On set, the director and crew would also have the first changes to the synchronized audio recordings of Sam Rockwell's delivery and those of the other actors. Not only was this key to blocking, but also allowing Bryan Cranston as Mack to have a strong presence that he can conceptually take action against. While Mack does not speak directly to the animals, he does communicate with them based on the personalities the speakers have created for their animal characters. Once the scenes were lensed and animated, MPC turned up the settings in Unity and rendered the best possible version. They lived in the film or in the editing for a long time until we got to the right post production, ”explains Jones. This was also when production declined and re-recorded some lines of dialogue as ADR.
Another consideration for the MPC animators was to avoid the animals getting too advanced in their speech, which would have made Ivan much more of a character from the award-winning Planet of the Apes franchise. While there were witness cameras filming the voice actors as they recorded their lines, the performances were neither motion-captured nor designed to perfectly match the expressions of each voice actor. Rather, the skilled MPC animators created the facial animation and expressions of the various animals by hand as a “collaborative amalgamation of influences,” says Jones.
The team needed to make the animal dialogue believable, but not the caricature, in order for the audience to relate to the animals and still present them in a family-friendly way, idealized by Disney. Ivan was based on a real Silverback gorilla in Florida, from which the animators received plenty of valuable reference material. Bob, the dog voiced by Danny DeVito, was modeled from a photogrammetry shoot of a real dog named Mabel who was on the set. The majority of the animals were rendered in Renderman, with Houdini providing dynamics and some fur simulations. Houdini was also used for the highly complex color simulation that Ivan performs on the glass of his enclosure in the circus.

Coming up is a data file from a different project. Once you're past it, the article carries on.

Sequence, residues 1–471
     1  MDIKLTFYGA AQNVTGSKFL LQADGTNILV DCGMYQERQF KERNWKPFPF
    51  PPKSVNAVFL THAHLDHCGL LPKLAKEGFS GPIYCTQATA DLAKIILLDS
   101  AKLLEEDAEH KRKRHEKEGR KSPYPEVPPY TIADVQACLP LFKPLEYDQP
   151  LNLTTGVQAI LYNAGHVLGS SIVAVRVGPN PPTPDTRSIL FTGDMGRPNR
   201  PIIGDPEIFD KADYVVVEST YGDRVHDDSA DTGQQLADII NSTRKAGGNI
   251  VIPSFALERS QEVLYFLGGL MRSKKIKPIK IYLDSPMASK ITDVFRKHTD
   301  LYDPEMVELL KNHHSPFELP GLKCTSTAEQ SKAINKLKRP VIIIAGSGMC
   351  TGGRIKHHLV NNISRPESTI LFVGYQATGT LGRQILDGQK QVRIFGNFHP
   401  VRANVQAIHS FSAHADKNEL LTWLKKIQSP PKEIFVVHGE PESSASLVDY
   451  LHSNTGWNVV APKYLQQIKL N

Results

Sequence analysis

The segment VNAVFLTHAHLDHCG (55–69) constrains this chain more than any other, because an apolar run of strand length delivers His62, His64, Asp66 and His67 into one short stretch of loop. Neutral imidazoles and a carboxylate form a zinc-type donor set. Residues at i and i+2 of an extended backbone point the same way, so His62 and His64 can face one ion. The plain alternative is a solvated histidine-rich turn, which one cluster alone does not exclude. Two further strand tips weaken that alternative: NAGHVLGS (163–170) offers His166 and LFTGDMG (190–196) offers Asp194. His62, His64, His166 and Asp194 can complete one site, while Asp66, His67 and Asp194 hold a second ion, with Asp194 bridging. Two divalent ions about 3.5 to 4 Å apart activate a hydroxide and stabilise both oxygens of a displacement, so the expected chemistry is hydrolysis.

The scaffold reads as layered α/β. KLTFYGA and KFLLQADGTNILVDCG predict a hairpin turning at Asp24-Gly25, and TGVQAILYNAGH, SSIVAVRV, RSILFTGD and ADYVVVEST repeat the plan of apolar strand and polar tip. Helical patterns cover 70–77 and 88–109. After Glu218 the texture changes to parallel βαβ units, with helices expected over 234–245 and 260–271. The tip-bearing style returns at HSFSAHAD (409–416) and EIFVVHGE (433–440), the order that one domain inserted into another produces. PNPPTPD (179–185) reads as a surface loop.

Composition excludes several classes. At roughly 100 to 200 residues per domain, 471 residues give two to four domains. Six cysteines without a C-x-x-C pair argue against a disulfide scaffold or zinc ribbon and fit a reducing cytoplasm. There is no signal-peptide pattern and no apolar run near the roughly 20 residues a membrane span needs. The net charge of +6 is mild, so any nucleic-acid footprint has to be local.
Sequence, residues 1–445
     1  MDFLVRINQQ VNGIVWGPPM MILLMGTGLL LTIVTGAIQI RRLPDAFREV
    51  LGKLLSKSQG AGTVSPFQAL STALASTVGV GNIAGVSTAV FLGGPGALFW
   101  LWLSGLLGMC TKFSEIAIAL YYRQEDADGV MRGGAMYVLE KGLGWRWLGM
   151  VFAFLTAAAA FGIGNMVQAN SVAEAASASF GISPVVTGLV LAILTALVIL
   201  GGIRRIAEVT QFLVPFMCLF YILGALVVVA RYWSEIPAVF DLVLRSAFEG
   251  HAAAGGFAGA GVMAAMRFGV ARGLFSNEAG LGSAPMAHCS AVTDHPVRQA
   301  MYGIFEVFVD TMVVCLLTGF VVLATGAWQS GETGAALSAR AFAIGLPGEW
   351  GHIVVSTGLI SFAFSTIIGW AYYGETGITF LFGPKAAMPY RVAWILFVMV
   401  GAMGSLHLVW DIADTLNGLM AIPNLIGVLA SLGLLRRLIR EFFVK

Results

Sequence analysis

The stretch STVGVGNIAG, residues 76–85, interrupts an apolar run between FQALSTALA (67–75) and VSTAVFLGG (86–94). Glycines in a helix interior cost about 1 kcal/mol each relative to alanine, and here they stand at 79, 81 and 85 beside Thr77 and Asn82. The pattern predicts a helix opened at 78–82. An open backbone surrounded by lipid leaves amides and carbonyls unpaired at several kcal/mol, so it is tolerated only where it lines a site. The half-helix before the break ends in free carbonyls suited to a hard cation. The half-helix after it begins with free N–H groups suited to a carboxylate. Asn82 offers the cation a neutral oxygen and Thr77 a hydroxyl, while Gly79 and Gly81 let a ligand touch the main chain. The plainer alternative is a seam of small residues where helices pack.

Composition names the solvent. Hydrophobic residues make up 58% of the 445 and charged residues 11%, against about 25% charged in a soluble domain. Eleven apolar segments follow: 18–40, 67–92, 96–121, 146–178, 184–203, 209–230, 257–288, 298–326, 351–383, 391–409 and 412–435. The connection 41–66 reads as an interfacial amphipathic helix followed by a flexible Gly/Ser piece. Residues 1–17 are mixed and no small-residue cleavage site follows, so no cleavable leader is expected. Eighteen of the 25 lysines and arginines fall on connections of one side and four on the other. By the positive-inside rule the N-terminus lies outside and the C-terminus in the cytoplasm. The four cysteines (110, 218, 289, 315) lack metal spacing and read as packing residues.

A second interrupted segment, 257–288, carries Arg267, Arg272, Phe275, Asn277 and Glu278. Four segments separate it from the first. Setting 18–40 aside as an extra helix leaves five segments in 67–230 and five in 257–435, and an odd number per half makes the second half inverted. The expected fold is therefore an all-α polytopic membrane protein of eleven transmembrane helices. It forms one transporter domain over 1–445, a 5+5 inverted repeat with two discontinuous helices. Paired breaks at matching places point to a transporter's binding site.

Filming took about 12 weeks for the live action and about 8 weeks for the virtual production phase. The set for the final virtual production provided the bare set of the cage and the most important props that matched the 3D set at MPC. For the mixed live action environments, the team had to do detailed texturing and lighting work to allow the film to cut between CG and full live action and mixed sets. For example, in the circus ring, the back wall, side curtain, and floor often had to be replaced when the nine different CG heroines interacted with each other and performed in front of the live-action spectators.
One observation Jones noticed was how easily the director and crew worked with the MPC virtual production pipeline. Unlike the Lion King crew, who had done several complex VFX productions like The Jungle Book and had deep experience with the Oscar-winning VFX, director Thea Sharrock was not known as a visual effects director. However, according to Jones, the director and crew never had any obstacles or problems with the virtual production, mostly because MPC presented them with digital versions of tools they already knew well, so having deep technical knowledge wasn't the main requirement for doing great Make scenes and tell the story.
It's always interesting to see the arc between the conceptual art of a film and the end results. At The One and Only Ivan, the final production images match very well, as demonstrated by the Technicolor Pre-Production Art Department's images and conceptual drawings below.